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The top 3 things you need to know about this week

We’re pleased to introduce our new biweekly update on what you should know about the current state of legislation, public policy, HIV and LGBTQ issues, and health care, and how it affects you. As APLA Health’s Government Affairs team, we keep track of a variety of issues on the local, state, and federal levels and want to share some of the latest developments as they unfold.

Every couple of weeks we’ll send you an e-mail featuring a few important updates. We know there’s a lot to keep track of out there right now, and that’s why we’ve made this short and sweet, but also informative. As always, thank you for your support of APLA Health and please share this email with others who may be interested.

02/24/17

Uncertainty and Then Some: What Happened to “Repeal Obamacare”?

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The current state of health care politics in Washington, D.C., is—for lack of any better term—murky. As you no doubt know, the Trump administration and Congress have repeatedly vowed to repeal the Affordable Care Act (ACA), better known as Obamacare. But it turns out repeal could rip coverage away from 20 million Americans—including the 3.5 million Californians who purchased coverage through the state’s health care exchange, Covered California, or who accessed the state’s expanded Medi-Cal program. So repeal has morphed into “repeal and delay” or “repeal and repair,” whichever will best delay the political punishment that’s sure to follow if Americans lose their coverage. Our best guess is that Congress will kick the issue down the road, maybe until after the 2018 midterm elections (they like keeping their jobs), but stay tuned: We’ll update you as we learn more about what’s happening in Washington and how that will impact us in California.

If you want to make your voice heard on health care issues, Sen. Bernie Sanders and Sen. Chuck Schumer are supporting protest activities at congressional offices around the country this Saturday, Feb. 25. Visit ourrevolution.com for a map of congressional events in California, including a meeting at Rep. Dana Rohrabacher’s office in Orange County, and another at county offices in Ventura.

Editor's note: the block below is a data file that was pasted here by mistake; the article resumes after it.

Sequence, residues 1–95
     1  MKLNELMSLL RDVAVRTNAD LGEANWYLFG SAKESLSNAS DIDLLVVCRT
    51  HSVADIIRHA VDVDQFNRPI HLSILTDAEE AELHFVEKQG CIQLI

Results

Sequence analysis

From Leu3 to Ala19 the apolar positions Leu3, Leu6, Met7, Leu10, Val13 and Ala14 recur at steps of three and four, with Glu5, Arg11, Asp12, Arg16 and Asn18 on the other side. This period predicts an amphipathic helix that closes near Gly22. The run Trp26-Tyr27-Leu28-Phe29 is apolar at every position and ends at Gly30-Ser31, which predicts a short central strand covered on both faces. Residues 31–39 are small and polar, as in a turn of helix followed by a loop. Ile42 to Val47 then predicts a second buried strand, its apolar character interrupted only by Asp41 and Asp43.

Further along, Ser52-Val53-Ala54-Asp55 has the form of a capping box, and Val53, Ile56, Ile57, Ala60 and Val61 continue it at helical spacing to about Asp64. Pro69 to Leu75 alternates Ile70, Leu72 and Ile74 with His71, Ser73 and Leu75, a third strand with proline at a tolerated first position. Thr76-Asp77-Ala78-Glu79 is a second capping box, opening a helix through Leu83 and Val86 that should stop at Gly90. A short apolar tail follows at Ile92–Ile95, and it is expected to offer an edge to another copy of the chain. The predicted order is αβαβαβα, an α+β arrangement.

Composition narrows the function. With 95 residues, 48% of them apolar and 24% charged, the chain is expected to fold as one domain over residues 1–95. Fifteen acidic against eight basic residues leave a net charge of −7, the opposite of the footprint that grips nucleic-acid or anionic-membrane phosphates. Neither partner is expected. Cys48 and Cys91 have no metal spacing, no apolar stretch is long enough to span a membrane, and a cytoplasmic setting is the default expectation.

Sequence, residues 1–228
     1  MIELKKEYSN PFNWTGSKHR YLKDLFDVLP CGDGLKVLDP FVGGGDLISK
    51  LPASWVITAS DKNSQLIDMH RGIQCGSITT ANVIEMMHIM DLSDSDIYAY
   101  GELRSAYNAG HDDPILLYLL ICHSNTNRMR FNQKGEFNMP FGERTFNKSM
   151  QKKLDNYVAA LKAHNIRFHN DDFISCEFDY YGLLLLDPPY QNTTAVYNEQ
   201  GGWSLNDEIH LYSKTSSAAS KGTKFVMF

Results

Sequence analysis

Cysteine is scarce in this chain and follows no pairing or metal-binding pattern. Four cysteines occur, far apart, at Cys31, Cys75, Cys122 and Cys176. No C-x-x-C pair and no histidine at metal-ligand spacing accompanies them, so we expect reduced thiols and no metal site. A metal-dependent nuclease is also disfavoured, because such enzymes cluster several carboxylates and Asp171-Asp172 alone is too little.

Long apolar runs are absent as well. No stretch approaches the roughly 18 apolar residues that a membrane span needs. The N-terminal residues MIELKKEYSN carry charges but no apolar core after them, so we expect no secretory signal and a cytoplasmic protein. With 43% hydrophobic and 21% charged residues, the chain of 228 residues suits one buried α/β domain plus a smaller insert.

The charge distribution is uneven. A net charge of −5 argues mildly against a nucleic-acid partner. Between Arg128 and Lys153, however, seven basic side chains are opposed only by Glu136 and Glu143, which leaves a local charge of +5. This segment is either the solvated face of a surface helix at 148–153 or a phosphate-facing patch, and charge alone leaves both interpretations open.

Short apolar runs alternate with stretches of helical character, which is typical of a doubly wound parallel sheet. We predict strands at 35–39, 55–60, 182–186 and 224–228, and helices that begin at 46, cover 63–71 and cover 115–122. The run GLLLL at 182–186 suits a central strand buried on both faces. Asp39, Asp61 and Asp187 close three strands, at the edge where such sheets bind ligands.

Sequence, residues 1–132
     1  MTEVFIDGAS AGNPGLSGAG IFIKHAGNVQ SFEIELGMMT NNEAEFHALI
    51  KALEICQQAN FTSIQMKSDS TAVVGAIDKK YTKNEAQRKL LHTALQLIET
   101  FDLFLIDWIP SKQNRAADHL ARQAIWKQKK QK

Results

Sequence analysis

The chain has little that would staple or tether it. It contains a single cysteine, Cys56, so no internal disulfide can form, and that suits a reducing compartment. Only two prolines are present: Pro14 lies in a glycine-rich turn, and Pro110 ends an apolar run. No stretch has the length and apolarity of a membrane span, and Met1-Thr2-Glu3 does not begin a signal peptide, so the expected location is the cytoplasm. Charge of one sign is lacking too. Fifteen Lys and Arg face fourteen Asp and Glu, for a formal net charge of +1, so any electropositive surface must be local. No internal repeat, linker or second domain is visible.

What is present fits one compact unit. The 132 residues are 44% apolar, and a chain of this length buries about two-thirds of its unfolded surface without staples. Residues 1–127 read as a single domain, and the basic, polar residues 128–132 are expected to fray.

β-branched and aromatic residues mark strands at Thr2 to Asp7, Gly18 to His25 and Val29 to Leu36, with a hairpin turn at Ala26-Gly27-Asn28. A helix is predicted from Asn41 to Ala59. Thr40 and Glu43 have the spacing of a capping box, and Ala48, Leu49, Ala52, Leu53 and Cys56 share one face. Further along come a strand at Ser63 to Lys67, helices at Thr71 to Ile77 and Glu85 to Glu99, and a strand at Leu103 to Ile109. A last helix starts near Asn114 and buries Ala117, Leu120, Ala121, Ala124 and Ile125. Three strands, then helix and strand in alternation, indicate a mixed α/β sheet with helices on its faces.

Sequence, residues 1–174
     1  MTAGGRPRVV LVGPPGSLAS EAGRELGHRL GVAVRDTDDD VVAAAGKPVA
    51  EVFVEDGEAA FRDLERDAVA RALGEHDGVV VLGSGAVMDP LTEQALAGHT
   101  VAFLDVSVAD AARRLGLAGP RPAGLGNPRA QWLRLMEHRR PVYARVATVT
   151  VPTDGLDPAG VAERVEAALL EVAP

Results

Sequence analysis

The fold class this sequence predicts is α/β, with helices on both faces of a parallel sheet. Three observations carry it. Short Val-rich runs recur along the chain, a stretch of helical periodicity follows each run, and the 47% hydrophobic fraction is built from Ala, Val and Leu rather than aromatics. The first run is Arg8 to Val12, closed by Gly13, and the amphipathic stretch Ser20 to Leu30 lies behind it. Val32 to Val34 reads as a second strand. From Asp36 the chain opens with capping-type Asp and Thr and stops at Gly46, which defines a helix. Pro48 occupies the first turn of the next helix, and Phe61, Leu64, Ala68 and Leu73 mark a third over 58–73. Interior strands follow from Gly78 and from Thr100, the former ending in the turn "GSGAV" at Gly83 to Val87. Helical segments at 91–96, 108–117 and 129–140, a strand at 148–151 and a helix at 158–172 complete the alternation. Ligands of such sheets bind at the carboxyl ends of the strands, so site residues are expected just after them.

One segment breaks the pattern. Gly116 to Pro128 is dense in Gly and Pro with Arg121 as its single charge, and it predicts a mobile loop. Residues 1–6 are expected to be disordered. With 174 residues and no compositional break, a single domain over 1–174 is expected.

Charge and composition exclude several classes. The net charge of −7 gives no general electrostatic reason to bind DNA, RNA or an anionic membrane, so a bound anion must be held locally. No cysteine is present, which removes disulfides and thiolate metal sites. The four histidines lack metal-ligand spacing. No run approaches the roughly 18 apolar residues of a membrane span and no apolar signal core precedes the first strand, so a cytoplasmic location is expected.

ADAP in Disarray After Contract Switch

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California’s AIDS Drug Assistance Program (ADAP) continues to be plagued by problems since changing contractors last summer. ADAP provides medications as well as financial assistance for health coverage to more than 30,000 low-income Californians living with HIV. The state transferred administration of the program to three new contractors last July, but communication between them has been poor and there have been numerous technical glitches. As a result, the ADAP website has been down for more than two months, clients have experienced delays accessing medication, some insurance policies have been cancelled, and it has been difficult for individuals to receive reimbursement for medical expenses.

Together with advocates from across the state, we’ve been meeting with leaders from the California Public Health Department and elected officials to resolve the crisis. Sadly, it’s unclear when the system will be fixed. While clients continue to enroll and maintain eligibility in the program, they should contact an ADAP enrollment worker immediately if they have any difficulties accessing their benefits. For assistance at APLA Health, call 213.201.1615. For questions about the current situation or to report additional problems, you can contact us via governmentaffairs@apla.org. You can also read more about the situation at californiahealthline.org.

A Closer Look at Los Angeles Ballot Measure S

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On March 7, Los Angeles residents will vote on Measure S, also known as the “Neighborhood Integrity Initiative,” put forth by the Coalition to Preserve LA and largely underwritten by AIDS Healthcare Foundation. If passed, the initiative would establish a two-year moratorium on building in the city for projects requiring General Plan amendments or zoning and height changes. It would also require General Plan review every five years and prohibit geographic amendments that would significantly change the identities of L.A.’s neighborhoods.

Opposition to the initiative is focused on two issues. First, voters overwhelmingly passed Measure HHH during the general election last November, and Measure S would halt efforts to build those 10,000 units of permanent supportive housing promised by HHH meant to combat homelessness in Los Angeles. Second, many feel Measure S would worsen the housing shortage by making it more difficult for Los Angeles to build on underused sites and would not protect existing affordable housing. Because access to affordable housing is considered critical for people living with HIV and helps in creating better health outcomes, voters should think carefully when voting on this controversial proposition. You can read more about Measure S in the Voter Information Pamphlet (PDF).

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